A recent study in the American Journal of Clinical Oncology reports that a lab test analyzing a cancer marker known as carcinoembryonic antigen (CEA) may be useful in identifying patients who may be at risk for recurrence of gastric cancer.
Gastric cancer is a disease in which cancerous cells form in the lining of the stomach. In its earliest stages, gastric cancer affects the innermost lining of the stomach (the mucosal layer) and spreads to the middle layer (the muscularis) and the outermost layer (the serosal layer) and beyond as it grows. Current treatment options for gastric cancer include surgery, radiation and chemotherapy. Chemotherapy is often used to destroy tumor cells, stabilize tumor growth or to control symptoms associated with gastric cancer.
In this recent study, researchers analyzed blood samples of 46 patients diagnosed with gastric cancer who had been considered cured of the disease after undergoing surgery. A series of blood tests measuring CEA and analyzing its genetic make-up were taken every 2 months. Extensive analysis revealed that clinical recurrence rates were correctly identified a significant portion of the time.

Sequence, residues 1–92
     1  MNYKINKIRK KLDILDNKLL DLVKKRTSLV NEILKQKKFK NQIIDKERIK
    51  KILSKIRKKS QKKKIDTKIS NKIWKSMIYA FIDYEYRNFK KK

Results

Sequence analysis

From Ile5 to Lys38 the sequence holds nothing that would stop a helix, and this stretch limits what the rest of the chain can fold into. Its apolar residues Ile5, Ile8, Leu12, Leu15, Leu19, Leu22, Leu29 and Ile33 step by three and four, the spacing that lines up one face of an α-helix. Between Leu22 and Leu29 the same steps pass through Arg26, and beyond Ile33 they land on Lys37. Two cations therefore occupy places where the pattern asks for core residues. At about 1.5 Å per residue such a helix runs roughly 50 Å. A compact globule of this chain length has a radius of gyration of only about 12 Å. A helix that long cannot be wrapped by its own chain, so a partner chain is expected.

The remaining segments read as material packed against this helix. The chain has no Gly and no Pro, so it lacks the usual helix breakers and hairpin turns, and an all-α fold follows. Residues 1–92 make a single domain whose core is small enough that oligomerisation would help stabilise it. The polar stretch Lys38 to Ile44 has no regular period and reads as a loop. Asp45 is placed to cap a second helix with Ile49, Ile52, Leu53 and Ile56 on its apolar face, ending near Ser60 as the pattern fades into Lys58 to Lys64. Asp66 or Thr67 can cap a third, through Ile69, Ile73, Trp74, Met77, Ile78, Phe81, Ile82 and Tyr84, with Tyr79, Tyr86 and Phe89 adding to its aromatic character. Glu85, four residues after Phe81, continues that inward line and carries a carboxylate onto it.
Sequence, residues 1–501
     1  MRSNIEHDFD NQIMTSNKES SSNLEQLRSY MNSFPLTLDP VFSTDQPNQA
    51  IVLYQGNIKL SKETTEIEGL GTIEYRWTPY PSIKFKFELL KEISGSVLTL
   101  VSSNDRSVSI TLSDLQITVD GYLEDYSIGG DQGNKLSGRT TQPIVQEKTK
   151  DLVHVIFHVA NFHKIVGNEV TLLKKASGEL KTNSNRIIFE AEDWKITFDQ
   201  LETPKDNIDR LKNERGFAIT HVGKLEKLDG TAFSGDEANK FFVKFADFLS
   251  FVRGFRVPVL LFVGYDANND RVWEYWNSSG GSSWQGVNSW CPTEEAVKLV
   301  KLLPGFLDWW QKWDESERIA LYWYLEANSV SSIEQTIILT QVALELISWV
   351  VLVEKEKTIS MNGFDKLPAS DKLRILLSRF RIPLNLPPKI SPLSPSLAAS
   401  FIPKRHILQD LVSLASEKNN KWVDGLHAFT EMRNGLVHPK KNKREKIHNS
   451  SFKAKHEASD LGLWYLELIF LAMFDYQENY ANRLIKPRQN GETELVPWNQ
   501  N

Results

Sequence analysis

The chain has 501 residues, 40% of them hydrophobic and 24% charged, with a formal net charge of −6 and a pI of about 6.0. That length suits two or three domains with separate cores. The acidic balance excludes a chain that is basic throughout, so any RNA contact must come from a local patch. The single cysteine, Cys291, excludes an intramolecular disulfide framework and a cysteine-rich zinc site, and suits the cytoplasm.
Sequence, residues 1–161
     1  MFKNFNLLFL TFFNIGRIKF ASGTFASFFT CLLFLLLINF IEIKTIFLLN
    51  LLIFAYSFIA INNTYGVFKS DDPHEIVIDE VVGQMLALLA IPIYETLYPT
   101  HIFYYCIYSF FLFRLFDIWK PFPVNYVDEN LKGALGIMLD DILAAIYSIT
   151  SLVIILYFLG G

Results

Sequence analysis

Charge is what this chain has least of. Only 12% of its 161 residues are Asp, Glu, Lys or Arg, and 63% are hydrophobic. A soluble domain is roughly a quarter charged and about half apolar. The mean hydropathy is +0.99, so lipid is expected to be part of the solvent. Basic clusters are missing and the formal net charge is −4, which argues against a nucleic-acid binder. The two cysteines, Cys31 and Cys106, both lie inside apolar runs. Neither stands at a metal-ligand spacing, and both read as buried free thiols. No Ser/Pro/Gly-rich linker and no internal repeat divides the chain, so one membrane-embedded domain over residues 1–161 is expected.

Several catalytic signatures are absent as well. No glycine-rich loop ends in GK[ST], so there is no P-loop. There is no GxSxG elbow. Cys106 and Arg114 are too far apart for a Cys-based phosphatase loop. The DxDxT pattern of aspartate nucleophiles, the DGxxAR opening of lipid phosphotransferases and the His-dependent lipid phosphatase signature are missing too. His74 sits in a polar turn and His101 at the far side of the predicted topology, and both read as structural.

Researchers concluded that evaluating the genetic changes of the CEA marker shows promise in becoming a useful tool in the early detection of recurrent gastric cancer.
Reference: Seo J, Choi C, Kim B, et al. Follow-Up Study of Peripheral Blood Carcinoembryonic Antigen mRNA Using Reverse Transcription-Polymerase Chain Reaction as an Early Marker of Clinical Recurrence in Patients with Curatively Resected Gastric Cancer. American Journal of Clinical Oncology. 2005; 28: 24-29.
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